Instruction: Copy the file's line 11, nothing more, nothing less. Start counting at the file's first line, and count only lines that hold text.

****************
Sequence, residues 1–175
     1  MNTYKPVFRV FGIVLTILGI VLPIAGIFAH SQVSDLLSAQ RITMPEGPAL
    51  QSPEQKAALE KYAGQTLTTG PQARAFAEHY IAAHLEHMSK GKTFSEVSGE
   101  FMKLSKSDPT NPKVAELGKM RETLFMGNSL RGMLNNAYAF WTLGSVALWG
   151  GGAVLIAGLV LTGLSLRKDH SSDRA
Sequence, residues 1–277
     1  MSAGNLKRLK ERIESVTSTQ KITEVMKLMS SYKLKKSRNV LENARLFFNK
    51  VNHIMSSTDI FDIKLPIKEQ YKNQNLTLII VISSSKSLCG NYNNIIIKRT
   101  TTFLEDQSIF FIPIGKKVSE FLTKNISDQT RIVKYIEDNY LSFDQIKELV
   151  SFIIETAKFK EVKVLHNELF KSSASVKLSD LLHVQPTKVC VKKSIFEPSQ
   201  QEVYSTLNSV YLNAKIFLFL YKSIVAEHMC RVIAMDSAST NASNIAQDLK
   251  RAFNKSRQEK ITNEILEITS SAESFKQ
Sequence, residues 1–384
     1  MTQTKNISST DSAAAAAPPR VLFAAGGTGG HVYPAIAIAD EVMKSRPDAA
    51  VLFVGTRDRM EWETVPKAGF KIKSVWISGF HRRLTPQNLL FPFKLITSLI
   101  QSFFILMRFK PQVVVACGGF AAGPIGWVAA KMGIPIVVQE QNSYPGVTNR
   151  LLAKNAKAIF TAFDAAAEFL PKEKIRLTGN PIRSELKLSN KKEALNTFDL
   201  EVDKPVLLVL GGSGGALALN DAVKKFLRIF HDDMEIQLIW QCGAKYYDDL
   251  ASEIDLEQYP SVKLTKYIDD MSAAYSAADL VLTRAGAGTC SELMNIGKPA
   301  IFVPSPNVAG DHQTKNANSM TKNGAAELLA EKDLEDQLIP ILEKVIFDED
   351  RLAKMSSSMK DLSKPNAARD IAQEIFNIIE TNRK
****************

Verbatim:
   201  QEVYSTLNSV YLNAKIFLFL YKSIVAEHMC RVIAMDSAST NASNIAQDLK